Crohn's disease, a chronic inflammation of the bowel, is a multi-factorial condition where uncontrolled immune responses to luminal bacteria occur in genetically predisposed individuals. The first observable clinical signs are small ulcers that form at a specialised form of epithelium, follicle-associated epithelium (FAB). The FAB covers immune inductive sites, Peyer's patches, which function primarily as sensory areas that sample the externaI gut environment. Dendritic cells are one of the key cells that are involved in sensing luminal contents and orchestrating the gut immune system.

The main aim of this thesis was to determine whether the barrier of the FAB is breached in Crohn's disease and if dysfunctional immune regulators, namely dendritic cells, playaroIe in initiating and/or maintaining the chronic intestinal inflammation.

Using biopsies and surgical specimens, we were able to show that in Crohn's disease, there was an increased transmucosaI transport of Escherichia coli compared to specimens from ulcerative colitis and non-inflammatory bowel disease (IBD) controIs. Dendritic cells internalised a higher percentage of bacteria that had translocated across the FAB in the Crohn's samples. Furthermore, significantly higher concentrations of TNF-u was released upon bacterial stimulation by tissues from patients with Crohn's disease than in controIs.

We went on to characterise the dendritic cells present in the Peyer's patches of patients with Crohn's disease. We found an accumulation of both immature and mature dendritic cells beneath the FAB, in the sub-epithelial dome (SED). Normally, mature dendritic cells migrate towards T cell-rich areas. However, we observed mature dendritic cells accumulating in the SED because they lacked the CCR7 migratory receptor. Furthermore, they were more prone to take-up bacteria, and produced TNF.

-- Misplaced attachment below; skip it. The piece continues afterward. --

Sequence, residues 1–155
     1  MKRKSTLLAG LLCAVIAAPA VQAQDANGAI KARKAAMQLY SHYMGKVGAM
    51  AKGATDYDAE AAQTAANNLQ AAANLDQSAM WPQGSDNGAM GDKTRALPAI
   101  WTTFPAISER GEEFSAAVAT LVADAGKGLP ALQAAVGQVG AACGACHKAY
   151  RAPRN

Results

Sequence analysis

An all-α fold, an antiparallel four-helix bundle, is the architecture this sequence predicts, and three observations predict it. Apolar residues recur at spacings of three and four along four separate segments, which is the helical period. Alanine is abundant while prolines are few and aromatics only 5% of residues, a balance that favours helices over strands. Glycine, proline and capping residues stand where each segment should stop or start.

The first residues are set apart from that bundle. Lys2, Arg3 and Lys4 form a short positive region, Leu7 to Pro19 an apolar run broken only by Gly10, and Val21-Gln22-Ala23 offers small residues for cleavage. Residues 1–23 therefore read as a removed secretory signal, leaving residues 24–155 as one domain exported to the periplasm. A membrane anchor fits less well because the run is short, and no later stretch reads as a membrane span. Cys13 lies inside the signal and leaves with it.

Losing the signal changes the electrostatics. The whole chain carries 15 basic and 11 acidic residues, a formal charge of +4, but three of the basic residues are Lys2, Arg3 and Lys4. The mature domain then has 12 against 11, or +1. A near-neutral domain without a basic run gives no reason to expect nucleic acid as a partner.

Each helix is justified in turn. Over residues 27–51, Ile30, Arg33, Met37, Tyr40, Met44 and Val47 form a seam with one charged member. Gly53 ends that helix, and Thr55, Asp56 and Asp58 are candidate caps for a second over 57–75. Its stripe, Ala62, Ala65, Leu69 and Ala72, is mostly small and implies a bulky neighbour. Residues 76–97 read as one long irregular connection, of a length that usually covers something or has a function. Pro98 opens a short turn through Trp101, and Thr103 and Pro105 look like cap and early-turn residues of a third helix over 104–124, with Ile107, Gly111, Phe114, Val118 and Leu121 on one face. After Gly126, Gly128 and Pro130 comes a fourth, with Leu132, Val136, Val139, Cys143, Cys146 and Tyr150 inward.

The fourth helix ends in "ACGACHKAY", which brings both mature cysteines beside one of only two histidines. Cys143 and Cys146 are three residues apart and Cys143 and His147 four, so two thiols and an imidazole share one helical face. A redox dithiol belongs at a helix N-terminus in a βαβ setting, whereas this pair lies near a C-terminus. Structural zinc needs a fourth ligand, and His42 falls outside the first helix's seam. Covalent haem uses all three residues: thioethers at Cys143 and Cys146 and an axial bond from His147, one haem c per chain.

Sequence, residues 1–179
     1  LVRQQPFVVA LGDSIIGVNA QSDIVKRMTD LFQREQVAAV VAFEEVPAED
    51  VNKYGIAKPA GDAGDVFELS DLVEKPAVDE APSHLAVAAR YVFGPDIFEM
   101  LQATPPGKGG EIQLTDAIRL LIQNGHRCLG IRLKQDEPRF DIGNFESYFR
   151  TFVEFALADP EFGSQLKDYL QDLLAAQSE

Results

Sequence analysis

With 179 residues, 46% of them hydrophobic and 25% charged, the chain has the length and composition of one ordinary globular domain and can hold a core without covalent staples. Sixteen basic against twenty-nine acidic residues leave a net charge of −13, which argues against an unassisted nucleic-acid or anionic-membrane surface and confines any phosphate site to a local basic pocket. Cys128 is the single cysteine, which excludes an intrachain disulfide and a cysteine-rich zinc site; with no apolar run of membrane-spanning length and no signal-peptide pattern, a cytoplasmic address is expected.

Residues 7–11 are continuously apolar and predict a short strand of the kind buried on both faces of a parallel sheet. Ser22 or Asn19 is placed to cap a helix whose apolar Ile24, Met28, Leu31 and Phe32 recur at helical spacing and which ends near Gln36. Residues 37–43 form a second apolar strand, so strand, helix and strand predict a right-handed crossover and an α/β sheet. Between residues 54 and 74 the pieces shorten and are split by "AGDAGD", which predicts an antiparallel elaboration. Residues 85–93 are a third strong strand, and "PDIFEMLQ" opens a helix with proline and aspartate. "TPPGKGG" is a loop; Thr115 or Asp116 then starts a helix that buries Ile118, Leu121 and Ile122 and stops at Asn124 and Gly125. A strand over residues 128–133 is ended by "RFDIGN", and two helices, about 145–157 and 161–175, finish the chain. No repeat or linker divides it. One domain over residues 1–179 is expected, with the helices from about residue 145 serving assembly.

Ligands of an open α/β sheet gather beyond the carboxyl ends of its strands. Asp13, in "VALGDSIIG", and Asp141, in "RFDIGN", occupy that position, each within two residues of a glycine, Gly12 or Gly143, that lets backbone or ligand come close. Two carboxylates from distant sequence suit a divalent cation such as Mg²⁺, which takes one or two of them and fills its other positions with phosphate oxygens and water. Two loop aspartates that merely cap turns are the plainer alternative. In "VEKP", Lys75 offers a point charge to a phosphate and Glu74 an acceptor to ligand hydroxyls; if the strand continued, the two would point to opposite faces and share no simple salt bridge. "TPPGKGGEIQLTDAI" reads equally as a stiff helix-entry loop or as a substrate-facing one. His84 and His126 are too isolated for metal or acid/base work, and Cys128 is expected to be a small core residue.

To study the function of mucosal dendritic cells, we performed isolation experiments and mixed Iymphocyte reactions. Dendritic cells from both the ileum and blood of patients with active Crohn's had reduced capacity for inducing T cell proliferation than non-IBD controIs. Blood dendritic cells of patients in remission had normalised function that was similar to dendritic cells from healthy controls.

The SAMPl/YitFc mice, considered an appropriate murine model for Crohn's disease, had an inherent permeability defect that increased with the chronicity of intestinaI inflammation. However unlike in human Crohn's disease, dendritic cells did not seem to playaroIe in murine ileitis.

This thesis highlights the accumulation of the actively surveying dendritic cells that are prone to bacterial internalisation, and points to their possible different functional roles in active versus in-active disease; thereby confirming dendritic cells as one ofthe key components in the pathogenesis ofCrohn's disease.

Place, publisher, year, edition, pages
Linköping: Linköping University Electronic Press, 2009. 72 p.
Linköping University Medical Dissertations, ISSN 0345-0082 ; 1129
Blood, Crohn's disease, dendritic cells, E. coli, FACS, follicle-associated, epithelium, human, ileum, mixed lymphocyte reaction, permeability, Peyer's patches, SAMP1/YitFc, Ussing chambers, villous epithelium
National Category
Medical and Health Sciences
urn:nbn:se:liu:diva-52234 (URN)978-91-7393-625-5 (ISBN)
Public defence
2009-05-19, Berzeliussalen, Hälsouniversitetet, Campus Valla, Linköpings universitet, Linköping, 13:00 (English)
Available from: 2009-12-11 Created: 2009-12-11 Last updated: 2009-12-11Bibliographically approved

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Keita, ÅsaSalim, Sa´adSöderkvist, PeterMagnusson, Karl-EricSöderholm, Johan D
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Faculty of Health SciencesDepartment of Clinical and Experimental MedicineSurgery Cell BiologyMedical Microbiology Department of Surgery in Östergötland